You’ve probably heard the advice about how you should invest in Amanah Saham Bumiputera (ASB).
Although it has existed for almost 30 years, since first being introduced in 1990, there are many who are still unaware of ASB and how it can benefit those who invest it.
ASB is a type of investment managed by Amanah Saham Nasional Berhad (ASNB) that’s open to the Bumiputera community to invest a certain amount and expect returns at a later date.
So what is ASB and what does it do for you?
What is ASB
ASB is a fixed-price unit trust and long-term investment for those within the Bumiputera community to generate consistent returns.
A unit trust is where the fund manager (ASNB) would pool money from various investors to invest and generate returns. The profit is then channeled back to the unit owners.
The reason why investors think it’s a good strategy because of the consistent yearly dividends that it pays out to investors.
These are paid yearly and it varies depending on the economic situation (both globally and locally) at the time.
Although it might look familiar but there are three different investments: ASB, ASB 2 and ASB 3 Didik.
Although ASB is only open to the Bumiputera community, ASNB also offers other fixed price investment opportunities such as the Amanah Saham Malaysia (ASM) for non-bumis.
Besides being open to Malaysians, ASM doesn’t have a limit in the number of units to invest in, but is subject to availability.
Who are ASNB?
ASNB was established in 1979 and is a wholly-owned subsidiary of Permodalan Nasional Berhad (PNB) – one of the largest fund management companies in Malaysia.
ASNB’s role is to invest on behalf of the investors in different sectors which includes banking, telecommunications and even property.
After more than 40 years since its inception, ASNB now manages 14 unit trust funds worth RM300 billion with over 14 million unit holders.
Physically, there are 33 ASNB branch offices and more than 2,600 agents branches nationwide.
What other investments does ASNB offer?
The are two types of investments offered by ASNB – fixed price and variable price.
Fixed price consists of: ASB, ASB2, ASB 3 Didik, ASM, ASM 2 Wawasan and ASM 3.
While variable price funds consists of: ASN, ASN Equity 2, ASN Equity 3, ASN Equity 5, ASN Imbang 1, ASN Imbang 2, ASN Sara 1 and ASN Sara 2.
How to invest
To invest in ASB, the first thing you need to do is to open an ASNB account and the best way to do it is to visit your nearest ASNB branch or contacting their agents.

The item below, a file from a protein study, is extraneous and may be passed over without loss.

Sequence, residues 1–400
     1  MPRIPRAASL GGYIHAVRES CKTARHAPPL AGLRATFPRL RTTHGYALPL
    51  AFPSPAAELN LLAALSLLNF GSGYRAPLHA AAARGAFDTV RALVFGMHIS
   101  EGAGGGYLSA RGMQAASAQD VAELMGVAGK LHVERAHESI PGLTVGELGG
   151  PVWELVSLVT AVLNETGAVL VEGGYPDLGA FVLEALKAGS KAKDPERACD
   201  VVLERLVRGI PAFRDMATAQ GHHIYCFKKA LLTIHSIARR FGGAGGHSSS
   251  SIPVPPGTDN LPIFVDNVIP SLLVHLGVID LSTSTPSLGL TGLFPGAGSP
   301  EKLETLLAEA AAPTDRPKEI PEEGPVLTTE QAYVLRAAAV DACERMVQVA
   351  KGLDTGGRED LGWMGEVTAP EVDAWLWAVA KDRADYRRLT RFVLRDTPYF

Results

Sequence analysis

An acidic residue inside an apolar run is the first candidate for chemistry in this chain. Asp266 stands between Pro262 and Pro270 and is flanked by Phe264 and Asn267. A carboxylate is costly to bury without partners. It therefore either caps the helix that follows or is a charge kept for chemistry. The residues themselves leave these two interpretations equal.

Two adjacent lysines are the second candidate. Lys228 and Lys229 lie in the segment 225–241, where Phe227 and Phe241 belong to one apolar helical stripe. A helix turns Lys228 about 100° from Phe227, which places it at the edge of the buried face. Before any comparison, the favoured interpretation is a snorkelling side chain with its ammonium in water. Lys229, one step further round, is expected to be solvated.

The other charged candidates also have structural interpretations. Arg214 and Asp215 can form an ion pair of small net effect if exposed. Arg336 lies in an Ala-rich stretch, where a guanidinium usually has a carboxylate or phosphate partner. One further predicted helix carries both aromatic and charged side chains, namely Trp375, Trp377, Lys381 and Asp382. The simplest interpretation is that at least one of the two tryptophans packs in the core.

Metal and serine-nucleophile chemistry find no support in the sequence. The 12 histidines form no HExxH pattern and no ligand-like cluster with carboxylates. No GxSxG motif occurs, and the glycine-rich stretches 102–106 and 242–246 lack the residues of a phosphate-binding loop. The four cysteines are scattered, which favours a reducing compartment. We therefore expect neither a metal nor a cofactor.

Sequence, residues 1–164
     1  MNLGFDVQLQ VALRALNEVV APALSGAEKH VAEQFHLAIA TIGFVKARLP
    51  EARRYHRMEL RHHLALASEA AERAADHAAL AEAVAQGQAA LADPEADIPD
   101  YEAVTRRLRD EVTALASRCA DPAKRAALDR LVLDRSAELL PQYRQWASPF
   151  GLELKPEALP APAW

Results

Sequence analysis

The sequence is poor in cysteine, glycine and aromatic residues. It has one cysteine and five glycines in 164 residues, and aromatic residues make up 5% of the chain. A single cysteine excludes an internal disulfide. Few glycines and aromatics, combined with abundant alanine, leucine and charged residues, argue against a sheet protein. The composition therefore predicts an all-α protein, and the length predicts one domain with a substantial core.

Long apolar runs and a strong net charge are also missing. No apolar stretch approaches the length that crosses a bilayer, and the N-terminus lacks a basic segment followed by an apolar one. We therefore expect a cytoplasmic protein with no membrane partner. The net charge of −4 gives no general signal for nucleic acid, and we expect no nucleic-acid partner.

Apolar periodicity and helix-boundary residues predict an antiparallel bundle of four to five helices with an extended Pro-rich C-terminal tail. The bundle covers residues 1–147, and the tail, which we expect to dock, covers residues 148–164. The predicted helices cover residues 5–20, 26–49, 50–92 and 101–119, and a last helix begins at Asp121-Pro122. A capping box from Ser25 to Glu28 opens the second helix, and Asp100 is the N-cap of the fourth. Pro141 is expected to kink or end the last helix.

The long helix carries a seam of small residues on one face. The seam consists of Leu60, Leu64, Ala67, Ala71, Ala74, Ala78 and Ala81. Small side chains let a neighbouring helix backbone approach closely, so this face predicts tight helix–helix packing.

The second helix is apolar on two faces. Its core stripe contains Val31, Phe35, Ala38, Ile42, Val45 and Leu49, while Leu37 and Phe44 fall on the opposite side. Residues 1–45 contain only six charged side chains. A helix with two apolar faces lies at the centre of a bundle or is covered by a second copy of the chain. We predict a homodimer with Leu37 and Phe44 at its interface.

You would also need to bring a copy of your IC and also a copy of your latest 3-month pay slip or proof of income.
The minimum investment amount for ASB is RM1.00 and the minimum initial investment that you can make is RM10.
As for the limit, you can invest up to 200,000 units or RM200,000.
If you don’t have the money to invest, there’s also the ASB loan where you can borrow money for investment purposes which you would have to pay back monthly.
The repayment period is between 5 and 30 years depending on the bank and you can borrow up to RM200,000.
Since 2017, investments in ASNB unit trusts are permitted as early as the birth of a baby with a registered guardian who is a Malaysian citizen aged 18 years and above.
Not free from controversy
Throughout the years of its existence, ASB has its fair share of controversies.
Despite the intention of uplifting the community, there were inconsistencies whether Muslims can invest in ASB although The Fatwa Committee of The National Council in Malaysia said it’s permissible for Muslims to do since 2008.
The issue revolves around the presence of riba transactions which renders ASB as non-shariah compliant.
More recently, criticisms leaned towards the financial benefits of ASB as dividends have declined in recent years.
PNB Chairman Tan Sri Zeti Akhtar Aziz said the decline was attributed to multiple factors such as US-China trade relations, slowing global economy and challenging market environments in 2019.
Economic Affairs Minister Datuk Seri Mohamed Azmin Ali agreed on the assessment as he said some of these factors have contributed to the decline, besides blaming previous governance issues.
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